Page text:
Rider and photographer Martin Lortz heads out for our annual check of the Top Ten Motorcycling Touring Routes in Ontario’s cottage country.
Another motorcycle season is in full swing in the great Canadian wilderness just north of Toronto. Sometimes winter or late spring weather can wreak havoc with the roads, so when I got the call to hop on the bike and head north to report back the state of the Top 10 Touring Routes in this region, I was ready to ride. Four days, plus 1,600 kilometres on the odometer, and the report is in.
Excellent condition: Stretching between Highway 141 and 518, what Tally-Ho Swords Road lacks in its distance, it makes up for with excellent pavement, light traffic and 32 kilometres of perfect sweepers. If you find yourself in Orrville on the weekend, stop at The Trail Mix for a coffee and a sweet treat.
Good condition: I mean, as good as I have ever experienced it (and I was out in spring). Heading west from Huntsville, the ride is pure fun. There was some sand on the road as Ravenscliffe Road turned into Stisted Road, but it was sparse compared to past spring conditions.
Excellent condition: Connecting the village of Rosseau and Huntsville, in prime shape, dry, no sand and super fun.
Poorer condition: Connecting the towns of Gravenhurst and Bracebridge, this local favourite is still in need of some serious TLC. Lots of sand in the spring and broken pavement; rideable but low fun factor for me because of the conditions.
Excellent condition: Pure moto fun from the village of Rosseau in Seguin Township to Port Carling in the Township of Muskoka Lakes; with as many ups and downs as twists and turns, this one will have you smiling. All clear and ready to ride. Detour a bit to enjoy a meal at the JW Marriott The Rosseau Muskoka Resort & Spa, or dine at the popular Crossroads Restaurant in Rosseau.
Very Good condition: There was no sand but a few potholes; we passed a crew repairing, so it should be in excellent condition by now. Starting in the village of Burk’s Falls and heading west to Magnetawan, extensive views and big sweepers are the notables here. A stop at the Screaming Heads sculptures is a must when in the area.
Excellent condition: We did the stretch between Highway 118 and 60, which was terrific. Follow the water’s edge of lakes and tough rock cuts; an even better experience with low spring season traffic and no construction. The Dorset Scenic Lookout Tower and the charming village of Dwight are worthy stops along the way.
Very Good condition: A mixed bag here, heading west from the village of Rosseau, conditions are excellent. Riding east, I can’t remember this section of Highway 141 without construction. This season is no different, with heavy equipment chipping away at probably the most iconic turn in the region at Bent River. Construction aside, this road is on the list for a reason, good pavement, long sweepers, and descending radius corners keep the ride fun.
Very Good condition: No sand and ready for the season; if I am allowed to be picky, its only downfall is the variety of surfaces from good pavement to chip-tar with a few rough spots. I love the out-there vibe of this quiet road in the Loring-Restoule area as it traverses between Highway 69 and Trout Creek at the top end of the region. The gas pump at Buchanan’s Hardware in Port Loring serves up premium gas for those with bikes that require the good stuff.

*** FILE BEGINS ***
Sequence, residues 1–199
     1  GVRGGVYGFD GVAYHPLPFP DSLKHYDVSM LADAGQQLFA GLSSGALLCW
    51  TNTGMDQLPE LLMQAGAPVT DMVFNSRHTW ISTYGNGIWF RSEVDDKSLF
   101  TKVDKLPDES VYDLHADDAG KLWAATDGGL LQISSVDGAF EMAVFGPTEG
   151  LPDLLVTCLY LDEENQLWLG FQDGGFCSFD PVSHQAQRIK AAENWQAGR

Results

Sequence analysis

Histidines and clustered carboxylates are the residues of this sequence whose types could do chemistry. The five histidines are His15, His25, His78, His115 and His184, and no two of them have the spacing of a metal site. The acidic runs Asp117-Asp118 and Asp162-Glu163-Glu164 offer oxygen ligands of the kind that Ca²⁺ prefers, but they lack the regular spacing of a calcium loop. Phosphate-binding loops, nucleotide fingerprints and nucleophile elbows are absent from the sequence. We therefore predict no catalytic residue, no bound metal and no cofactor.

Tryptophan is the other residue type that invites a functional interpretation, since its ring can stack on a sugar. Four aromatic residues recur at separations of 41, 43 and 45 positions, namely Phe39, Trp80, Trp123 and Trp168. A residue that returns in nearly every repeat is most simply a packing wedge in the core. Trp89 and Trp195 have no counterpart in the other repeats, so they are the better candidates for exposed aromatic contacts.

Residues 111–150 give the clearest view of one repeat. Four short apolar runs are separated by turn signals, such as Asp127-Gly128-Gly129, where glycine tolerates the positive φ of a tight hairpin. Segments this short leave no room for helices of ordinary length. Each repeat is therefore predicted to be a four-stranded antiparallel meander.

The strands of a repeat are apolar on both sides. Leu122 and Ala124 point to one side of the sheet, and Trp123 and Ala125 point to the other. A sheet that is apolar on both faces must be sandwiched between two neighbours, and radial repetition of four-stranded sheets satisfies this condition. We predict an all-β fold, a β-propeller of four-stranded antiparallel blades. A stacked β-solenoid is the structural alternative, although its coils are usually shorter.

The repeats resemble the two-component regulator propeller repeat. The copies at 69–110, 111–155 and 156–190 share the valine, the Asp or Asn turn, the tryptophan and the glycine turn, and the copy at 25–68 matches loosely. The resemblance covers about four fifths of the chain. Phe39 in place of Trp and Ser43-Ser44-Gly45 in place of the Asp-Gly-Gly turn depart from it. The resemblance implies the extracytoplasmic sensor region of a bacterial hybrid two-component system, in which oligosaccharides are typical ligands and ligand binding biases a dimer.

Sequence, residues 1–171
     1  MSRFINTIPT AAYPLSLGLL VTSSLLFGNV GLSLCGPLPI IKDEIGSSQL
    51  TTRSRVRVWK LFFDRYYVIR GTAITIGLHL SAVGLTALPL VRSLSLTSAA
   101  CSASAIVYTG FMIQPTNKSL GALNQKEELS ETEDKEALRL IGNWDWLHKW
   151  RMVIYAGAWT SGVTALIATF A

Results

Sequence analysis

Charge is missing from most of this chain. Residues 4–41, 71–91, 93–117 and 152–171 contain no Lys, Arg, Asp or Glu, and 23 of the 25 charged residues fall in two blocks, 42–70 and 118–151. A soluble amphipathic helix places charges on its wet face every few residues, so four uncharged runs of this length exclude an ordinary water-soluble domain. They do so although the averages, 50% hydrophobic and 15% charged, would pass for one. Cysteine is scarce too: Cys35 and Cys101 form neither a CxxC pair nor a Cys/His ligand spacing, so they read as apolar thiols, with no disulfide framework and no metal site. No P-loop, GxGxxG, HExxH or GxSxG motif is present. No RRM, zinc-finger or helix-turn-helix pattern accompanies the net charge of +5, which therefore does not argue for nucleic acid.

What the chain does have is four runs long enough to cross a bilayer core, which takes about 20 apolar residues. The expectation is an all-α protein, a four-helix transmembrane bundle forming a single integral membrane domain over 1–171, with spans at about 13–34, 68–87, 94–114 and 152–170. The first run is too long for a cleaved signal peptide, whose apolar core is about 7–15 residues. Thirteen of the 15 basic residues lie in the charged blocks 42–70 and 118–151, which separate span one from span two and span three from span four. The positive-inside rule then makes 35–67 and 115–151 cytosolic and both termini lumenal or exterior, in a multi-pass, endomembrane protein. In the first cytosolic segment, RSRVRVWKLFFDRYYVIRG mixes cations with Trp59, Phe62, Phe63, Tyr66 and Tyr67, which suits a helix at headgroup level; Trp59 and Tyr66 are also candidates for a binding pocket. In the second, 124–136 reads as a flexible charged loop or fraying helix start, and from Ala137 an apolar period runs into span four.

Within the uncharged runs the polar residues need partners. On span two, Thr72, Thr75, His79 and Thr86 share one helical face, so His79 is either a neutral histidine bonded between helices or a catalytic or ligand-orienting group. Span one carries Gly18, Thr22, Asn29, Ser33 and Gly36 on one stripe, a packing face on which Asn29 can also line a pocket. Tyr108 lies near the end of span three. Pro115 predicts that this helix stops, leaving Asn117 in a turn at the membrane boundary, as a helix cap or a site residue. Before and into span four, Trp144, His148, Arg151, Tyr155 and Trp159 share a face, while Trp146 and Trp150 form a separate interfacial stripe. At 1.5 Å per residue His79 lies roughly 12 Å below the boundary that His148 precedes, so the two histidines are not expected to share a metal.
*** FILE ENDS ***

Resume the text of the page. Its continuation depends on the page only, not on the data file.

Excellent condition: Canada’s oldest provincial park by motorcycle, enjoying the perfect sweepers of Highway 60 and less traffic of the June season and no construction – as good as it gets. All clear and ready to ride. There are plenty of places to stop and take a break: grab a snack at the Lake of Two Rivers Store and learn about the park at the Visitor Information Centre.
Notes From The Road
Checking on the Top Ten Motorcycling Touring Roads in this region – which goes from Parry Sound over to Algonquin, and Muskoka up to Loring-Restoule – in one go is a multi-day proposition. We opted for the home-base approach and dropped our bags for a three-night stay at the Inn at the Falls in Bracebridge. With comfortable rooms, its on-site Italian restaurant Basilico (and many more within walking distance), plus just being able to get on the bike and ride without having to pack the bike every day, the home-base decision was a good one.
As for new finds and old favourites, a breakfast stop at Jake’s Place in Port Loring now qualifies as a tradition. The amazing butter tarts at the Algonquin Lunch Bar were just that, as was the berry pie at Magnetawan Grill.
One thing that is a bit different coming out of the pandemic is that tourism spots everywhere you go have sometimes adjusted hours or days of operation due to staff shortages. So be sure to call ahead if you’re making definitive plans.
To summarize the above in as few words as possible: The Top Ten – all good! Let’s ride!
To plan your stay in the great Canadian wilderness, click here.
Guest Blogger: Martin Lortz
Martin is a freelance photographer and writer specializing in the outdoor lifestyle. Whether he is covering power sports or family-oriented pursuits, his passion for capturing the beauty of nature and the people who partake in it is evident in his work. His photos and articles have appeared in magazines such as Ski Canada, Explore, Bike, Mountain Life, Snow Goer, Kayak Angler, and Family Camping.